While most of my blog entries are about hikes and paddles and treks, every now and then it is about something else. Today I write about the fact I love to read and write. That my father instilled in me a love for, and pride for my ability, to read. He always did the children’s crossword puzzle in the Sacramento Bee with me as a small child and then monthly word power quizzes from The Reader’s Digest. Seems silly to say out loud. Doesn’t it. That a person would be proud of being able to read well and talk about that pride in their 50s. And I loved to read so much I wanted to write stories like I read.
We were a very verbal and expressive household. Dad told epic tales of growing up in Bellingham in the countryside. Imagination stimulants like how he helped an old guy with frozen up hips with his honey bees. Dad loved honey bees all his life and always swore bee venom helped alleviate arthritis pain. Mom told of growing up in a logging camp and being shy and not liking to read out loud at school because she lisped and got teased. But man when she sat down at the piano and banged out the chords for a good old rendition of Cool Water there was no shyness and no lisp! Kathlene always wanted to do roll playing games when we were tiny tots. But she made up her dialog and mine. I was happy enough to just go along with it.
Brother Joe wrote on the school paper and was a great story teller, even if he did laugh so hard half the time that you had to wait impatiently with baited breath to really find out what he was saying.
I went to Sunny Terrace Elementary School in Seattle. What stands out is fourth grade. First was a fun time, but second and third were sort of hard. I didn’t quite feel connected with the teachers. Mrs. Hergert had been my first grade teacher and I suppose I got used to her and wanted it to remain the same. I am not good at change. But second grade dished up Mrs. Wilcox. She was tall and stern and seemed removed. Mrs. Mansburger from third grade was mean and didn’t like my hand writing so she put it up on the bulletin board as an example…of bad work. The only good thing about that was it caused a legendary appearance by my mother, who walked into the room unannounced during a lesson. She walked right over to the bulletin board. The class was by then completely quiet aside from Mrs. Mansburger having offered “Can I help you?” Mom reached up and removed my scarlet letter….and Mark Lawrence’s too just for good measure. She turned, looked across the tiny heads of riveted third graders and proclaimed “And I never want to see Karen’s work on the board again unless it is because it is the best.” With that, she turned on the heel of her shiny pump with her back combed hair and perfectly coordinated outfit and was gone. After that it was instant celebrity! When she came on to the school property, all the kids were in awe.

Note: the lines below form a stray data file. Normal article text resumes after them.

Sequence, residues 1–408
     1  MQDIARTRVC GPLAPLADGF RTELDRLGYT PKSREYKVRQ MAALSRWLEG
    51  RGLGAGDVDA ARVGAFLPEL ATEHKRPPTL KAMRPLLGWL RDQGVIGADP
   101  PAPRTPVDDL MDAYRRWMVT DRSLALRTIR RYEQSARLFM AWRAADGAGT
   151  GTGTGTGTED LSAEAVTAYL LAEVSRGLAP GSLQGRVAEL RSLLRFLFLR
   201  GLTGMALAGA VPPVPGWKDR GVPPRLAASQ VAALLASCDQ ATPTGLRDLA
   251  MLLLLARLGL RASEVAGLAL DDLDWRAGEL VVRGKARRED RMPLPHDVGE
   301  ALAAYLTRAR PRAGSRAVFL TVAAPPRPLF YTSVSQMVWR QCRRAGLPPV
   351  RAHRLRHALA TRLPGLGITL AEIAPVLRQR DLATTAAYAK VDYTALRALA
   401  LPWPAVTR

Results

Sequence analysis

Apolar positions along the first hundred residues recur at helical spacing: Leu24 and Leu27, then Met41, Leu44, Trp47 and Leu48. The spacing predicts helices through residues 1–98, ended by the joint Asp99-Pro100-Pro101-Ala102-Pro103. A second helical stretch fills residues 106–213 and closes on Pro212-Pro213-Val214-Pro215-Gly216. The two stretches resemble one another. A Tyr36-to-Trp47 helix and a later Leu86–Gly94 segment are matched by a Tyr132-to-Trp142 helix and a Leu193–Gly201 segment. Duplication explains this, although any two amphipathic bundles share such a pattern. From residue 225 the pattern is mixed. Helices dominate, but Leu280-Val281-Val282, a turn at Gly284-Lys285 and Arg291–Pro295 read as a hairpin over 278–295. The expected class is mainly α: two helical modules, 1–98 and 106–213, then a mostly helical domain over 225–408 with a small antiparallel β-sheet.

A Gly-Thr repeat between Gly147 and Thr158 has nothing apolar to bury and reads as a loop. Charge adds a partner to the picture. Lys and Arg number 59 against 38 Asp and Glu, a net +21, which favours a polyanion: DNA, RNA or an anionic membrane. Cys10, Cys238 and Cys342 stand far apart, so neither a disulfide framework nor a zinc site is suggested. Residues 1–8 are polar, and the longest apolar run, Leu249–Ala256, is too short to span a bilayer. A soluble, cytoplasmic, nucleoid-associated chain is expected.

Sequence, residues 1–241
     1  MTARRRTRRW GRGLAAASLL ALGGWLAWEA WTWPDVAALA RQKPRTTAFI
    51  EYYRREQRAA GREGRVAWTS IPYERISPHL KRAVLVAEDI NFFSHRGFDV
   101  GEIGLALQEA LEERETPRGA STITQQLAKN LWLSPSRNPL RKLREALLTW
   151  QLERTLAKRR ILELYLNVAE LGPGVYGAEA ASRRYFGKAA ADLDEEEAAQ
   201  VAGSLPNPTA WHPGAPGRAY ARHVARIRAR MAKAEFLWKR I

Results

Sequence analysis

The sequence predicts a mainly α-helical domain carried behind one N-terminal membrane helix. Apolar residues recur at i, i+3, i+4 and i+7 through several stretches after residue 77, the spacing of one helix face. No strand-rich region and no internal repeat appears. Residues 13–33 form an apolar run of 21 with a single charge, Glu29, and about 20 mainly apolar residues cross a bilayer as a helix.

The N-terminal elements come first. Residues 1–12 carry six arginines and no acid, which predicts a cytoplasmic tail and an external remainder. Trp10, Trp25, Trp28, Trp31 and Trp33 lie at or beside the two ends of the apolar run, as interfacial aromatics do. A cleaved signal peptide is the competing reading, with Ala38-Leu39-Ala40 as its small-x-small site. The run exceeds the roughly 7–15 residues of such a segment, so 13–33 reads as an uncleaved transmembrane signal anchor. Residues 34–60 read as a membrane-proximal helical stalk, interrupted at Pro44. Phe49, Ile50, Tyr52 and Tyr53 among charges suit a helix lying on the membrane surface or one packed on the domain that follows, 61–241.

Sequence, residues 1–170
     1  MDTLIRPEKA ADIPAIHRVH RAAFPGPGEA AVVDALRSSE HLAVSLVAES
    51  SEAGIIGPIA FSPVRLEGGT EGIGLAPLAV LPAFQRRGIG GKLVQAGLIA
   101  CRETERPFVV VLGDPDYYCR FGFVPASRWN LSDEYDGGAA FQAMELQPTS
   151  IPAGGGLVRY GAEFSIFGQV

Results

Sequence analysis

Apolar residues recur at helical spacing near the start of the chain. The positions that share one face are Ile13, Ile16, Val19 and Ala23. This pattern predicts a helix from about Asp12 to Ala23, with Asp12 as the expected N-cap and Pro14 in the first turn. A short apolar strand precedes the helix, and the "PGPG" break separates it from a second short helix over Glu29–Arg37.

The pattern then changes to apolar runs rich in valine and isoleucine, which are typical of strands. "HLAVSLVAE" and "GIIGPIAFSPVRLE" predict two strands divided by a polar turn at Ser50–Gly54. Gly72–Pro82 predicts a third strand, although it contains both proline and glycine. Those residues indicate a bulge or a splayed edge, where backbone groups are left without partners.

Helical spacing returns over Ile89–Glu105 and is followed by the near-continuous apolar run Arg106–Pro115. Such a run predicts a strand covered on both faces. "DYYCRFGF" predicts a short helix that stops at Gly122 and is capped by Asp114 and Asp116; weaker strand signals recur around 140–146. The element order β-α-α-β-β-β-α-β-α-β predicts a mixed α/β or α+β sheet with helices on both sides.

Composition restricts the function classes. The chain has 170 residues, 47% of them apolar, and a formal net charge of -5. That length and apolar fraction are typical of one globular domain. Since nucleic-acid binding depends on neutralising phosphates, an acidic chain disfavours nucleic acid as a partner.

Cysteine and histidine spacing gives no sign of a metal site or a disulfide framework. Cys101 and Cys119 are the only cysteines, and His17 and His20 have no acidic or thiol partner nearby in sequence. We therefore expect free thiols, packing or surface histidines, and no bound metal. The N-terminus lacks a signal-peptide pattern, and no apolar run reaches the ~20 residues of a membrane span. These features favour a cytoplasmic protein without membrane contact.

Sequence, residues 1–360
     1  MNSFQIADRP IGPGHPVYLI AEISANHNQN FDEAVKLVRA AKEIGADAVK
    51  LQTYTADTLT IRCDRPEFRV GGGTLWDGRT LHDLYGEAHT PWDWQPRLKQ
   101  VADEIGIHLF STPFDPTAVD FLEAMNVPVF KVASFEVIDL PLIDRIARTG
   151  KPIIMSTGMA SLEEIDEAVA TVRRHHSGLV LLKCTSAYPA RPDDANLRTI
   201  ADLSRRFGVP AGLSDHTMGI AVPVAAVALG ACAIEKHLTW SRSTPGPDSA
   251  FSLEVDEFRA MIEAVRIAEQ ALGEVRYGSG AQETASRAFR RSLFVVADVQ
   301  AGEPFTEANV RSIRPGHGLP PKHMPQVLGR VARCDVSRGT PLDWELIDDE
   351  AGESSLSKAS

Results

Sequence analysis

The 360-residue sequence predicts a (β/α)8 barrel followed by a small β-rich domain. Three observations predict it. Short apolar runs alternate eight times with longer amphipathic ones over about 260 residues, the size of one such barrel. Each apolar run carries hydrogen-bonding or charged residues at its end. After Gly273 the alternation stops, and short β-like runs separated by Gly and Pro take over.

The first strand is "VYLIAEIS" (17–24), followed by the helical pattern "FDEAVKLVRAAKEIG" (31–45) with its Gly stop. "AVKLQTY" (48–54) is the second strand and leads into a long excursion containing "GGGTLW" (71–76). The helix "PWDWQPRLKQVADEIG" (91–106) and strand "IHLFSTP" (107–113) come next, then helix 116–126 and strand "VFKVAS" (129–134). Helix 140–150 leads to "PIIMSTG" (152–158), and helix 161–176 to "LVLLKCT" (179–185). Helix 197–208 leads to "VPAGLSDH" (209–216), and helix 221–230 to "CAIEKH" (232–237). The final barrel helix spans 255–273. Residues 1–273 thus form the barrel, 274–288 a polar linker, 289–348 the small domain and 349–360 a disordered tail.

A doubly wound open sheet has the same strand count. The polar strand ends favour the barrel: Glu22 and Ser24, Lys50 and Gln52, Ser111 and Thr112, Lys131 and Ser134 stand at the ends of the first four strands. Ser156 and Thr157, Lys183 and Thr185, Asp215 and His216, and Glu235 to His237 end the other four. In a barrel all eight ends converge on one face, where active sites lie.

After the long summer between 3rd and 4th grade, we all piled into our new status as a member of the “upper grades”. My class was to be in the far end building right next to Mrs. Cole’s class. My sister was in Mrs. Cole’s class so I had the comfort of help being in proximity in case I needed it. I had a new teacher. Her name was Mrs. Reeder. Linda Reeder. She was young and tall and pretty and had this yellow dress that I will never forget. But she also had all this really “cool stuff” for us to do with reading. We had a reading comprehension module called SRA and were challenged to read as many books as we could and do projects after each one; dioramas, reports….more that I cannot remember. I can still smell the class room on a rainy day holed up with my book, dreaming of my post book project and wondering what book to read next. I was president of the Matt Christopher fan club as well as the Beverly Cleary fan club. I read all the “Trick” books (The Limerick Trick, The Home Run Trick etc.) I even got a letter back from the author Scott Corbett when I wrote after reading one of those books. Yes, that was a choice too, write to the author.
Mrs. Reeder remains famous around the Whelan house. Back in 1970 teachers hand wrote their report cards. There was a place on each one for comments, which I was always most interested in reading. Upon receiving my card I burst into the house filled with excitement, smile from ear to ear for inside was THIS little gem: “Karen has the gift of gab.” A higher compliment I could not receive. More proud I could not be. In a family as expressive as mine I had come into my own. With a father now known as The Watch Maker because when you asked him what time it was he told you how to build the watch, I had the GIFT of gab. GIFT! My parents were kind enough not to burst my bubble and let me in on the truth, which was that I talked to much and as a result was a bit of an interruption for the teacher. And here I am over 40 years later working in a profession that requires me to gab and write and express. Thank you Mrs. Reeder, for letting me be me and find all the expression I needed!